All you need to know about the books you meant to read. This week: Stephen Hawking's A Brief History of Time By Mike Barfield

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The Book: First published in 1988, this purportedly accessible cosmology 'n' philosophy treatise struck an unexpected chord with a world eager for answers to life's two great questions: what on earth to talk about at dinner-parties, and what to give one's brother-in-law for Christmas. But despite its phenomenal success, A Brief History of Time remains "the great unread bestseller''. Bernard Levin once admitted to having been unable to get further than page 29. At that point, the Waterstone's store-detective asked him to either buy the thing or leave.

The gist: Briefly, Brief attempts to explain the origin and nature of the universe by combining the general theory of relativity with the mutually exclusive theory of quantum mechanics. The latter hinges on the Uncertainty Principle - the hypothesis that no matter how many times you read a chapter in a science book, you can never be sure if you really understand it. Hawking's major contention is the "No boundary" proposal - the belief that not only is the universe turned in on itself, and thus without an edge, but also that no English cricketer will hit a four or a six ever again. Current Tests appear to bear this out. Even the casual reader, however, can spot that Hawking's arguments are full of holes: black ones, white ones and "wormholes'' (don't ask). The book concludes with the on- going search for a Unified Theory to explain everything in the universe, and the famous quote: "...for then we should know the mind of God''. But since Hawking doesn't believe there is a God, this is the same as saying, "...for then we shall know nothing''. Pretty much the feeling you're left with after struggling though the book's 200-odd pages.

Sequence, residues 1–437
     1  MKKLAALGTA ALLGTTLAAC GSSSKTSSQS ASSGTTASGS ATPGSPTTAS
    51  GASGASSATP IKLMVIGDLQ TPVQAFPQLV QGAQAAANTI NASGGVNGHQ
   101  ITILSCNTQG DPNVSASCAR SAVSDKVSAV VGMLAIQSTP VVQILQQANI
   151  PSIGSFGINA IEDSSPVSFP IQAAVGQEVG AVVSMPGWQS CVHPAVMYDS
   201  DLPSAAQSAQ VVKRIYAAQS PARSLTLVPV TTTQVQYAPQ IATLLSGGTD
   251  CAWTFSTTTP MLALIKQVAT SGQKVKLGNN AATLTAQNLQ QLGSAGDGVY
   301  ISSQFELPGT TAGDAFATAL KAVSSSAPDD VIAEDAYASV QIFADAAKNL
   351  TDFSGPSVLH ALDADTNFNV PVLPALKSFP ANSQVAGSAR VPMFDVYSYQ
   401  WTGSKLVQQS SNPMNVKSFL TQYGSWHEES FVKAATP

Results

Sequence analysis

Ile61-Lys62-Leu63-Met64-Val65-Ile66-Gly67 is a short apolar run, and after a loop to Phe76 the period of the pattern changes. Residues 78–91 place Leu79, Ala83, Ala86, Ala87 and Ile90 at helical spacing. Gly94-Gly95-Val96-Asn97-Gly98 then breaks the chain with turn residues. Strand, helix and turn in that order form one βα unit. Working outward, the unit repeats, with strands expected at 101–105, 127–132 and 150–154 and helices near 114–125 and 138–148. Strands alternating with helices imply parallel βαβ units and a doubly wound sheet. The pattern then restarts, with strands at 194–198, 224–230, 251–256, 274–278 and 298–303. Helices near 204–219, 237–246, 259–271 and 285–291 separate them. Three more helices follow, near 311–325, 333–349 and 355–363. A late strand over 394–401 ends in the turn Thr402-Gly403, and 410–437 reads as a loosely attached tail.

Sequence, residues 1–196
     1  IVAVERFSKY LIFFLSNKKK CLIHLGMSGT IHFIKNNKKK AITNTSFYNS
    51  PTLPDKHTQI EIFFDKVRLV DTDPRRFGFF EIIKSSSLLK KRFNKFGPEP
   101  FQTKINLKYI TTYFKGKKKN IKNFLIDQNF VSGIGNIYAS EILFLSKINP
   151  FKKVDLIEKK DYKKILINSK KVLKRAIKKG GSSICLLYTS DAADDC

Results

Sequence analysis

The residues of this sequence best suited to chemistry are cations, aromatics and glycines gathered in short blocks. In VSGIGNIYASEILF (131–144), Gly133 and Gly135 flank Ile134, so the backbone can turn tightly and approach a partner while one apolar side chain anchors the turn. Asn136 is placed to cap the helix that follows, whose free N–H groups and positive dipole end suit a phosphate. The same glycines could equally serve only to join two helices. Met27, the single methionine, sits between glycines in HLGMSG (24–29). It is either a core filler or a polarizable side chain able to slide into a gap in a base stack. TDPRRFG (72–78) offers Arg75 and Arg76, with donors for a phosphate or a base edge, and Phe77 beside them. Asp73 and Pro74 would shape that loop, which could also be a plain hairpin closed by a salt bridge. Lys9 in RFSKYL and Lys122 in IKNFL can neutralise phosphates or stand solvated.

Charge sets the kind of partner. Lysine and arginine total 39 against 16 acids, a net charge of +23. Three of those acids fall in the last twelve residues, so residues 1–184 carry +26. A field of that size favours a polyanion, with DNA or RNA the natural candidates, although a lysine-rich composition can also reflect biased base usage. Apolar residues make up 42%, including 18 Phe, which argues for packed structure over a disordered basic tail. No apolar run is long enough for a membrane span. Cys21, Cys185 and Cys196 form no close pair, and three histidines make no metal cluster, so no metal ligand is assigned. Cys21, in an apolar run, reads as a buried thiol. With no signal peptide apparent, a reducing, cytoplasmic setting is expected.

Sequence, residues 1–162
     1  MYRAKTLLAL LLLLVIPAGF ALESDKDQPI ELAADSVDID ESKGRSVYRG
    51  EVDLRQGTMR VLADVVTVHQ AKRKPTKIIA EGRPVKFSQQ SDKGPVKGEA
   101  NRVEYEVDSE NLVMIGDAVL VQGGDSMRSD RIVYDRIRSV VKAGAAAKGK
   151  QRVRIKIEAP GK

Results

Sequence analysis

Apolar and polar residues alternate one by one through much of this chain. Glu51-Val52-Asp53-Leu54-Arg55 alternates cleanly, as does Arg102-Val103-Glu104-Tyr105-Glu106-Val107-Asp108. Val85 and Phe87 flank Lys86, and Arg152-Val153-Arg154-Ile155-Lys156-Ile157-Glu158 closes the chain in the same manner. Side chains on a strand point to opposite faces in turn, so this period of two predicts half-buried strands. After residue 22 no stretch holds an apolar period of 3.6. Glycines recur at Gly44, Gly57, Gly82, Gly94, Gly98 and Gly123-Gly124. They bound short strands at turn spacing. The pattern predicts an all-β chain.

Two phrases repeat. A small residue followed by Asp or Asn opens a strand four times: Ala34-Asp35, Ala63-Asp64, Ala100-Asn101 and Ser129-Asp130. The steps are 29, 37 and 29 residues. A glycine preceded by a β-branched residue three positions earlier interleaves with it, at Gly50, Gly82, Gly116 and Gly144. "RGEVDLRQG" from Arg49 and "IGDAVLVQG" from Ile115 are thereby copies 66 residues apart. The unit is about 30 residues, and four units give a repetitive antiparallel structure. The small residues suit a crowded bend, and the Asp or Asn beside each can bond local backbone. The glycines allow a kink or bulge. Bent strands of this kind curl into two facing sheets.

The author: Crippled by motor-neurone disease, 53-year-old Hawking retains only his huge intellectual powers and the use of two fingers - with which he answers all his critics - and speaks via a computerised voice-synthesiser, producing an odd robotic drone with an American accent. Though often described as an arrogant genius, Hawking can admit his mistakes. In 1985 he declared that in a contracting universe time would run backwards, only to withdraw this claim a year later (or earlier, if he was right the first time.)

The Oeuvre: Prior to ABHOT, Hawking worked on a 1973 volume entitled The Large Scale Structure of Space-Time. This hinted at an alternative career thinking up titles for "concept'' rock albums. After Brief went global, Hawking appeared in a 90-second TV commercial for BT, ending with the catchphrase "People must keep talking". This revealed a mind capable of understanding not only the mathematical complexities of the universe, but also the idea behind Radio 4's Just A Minute.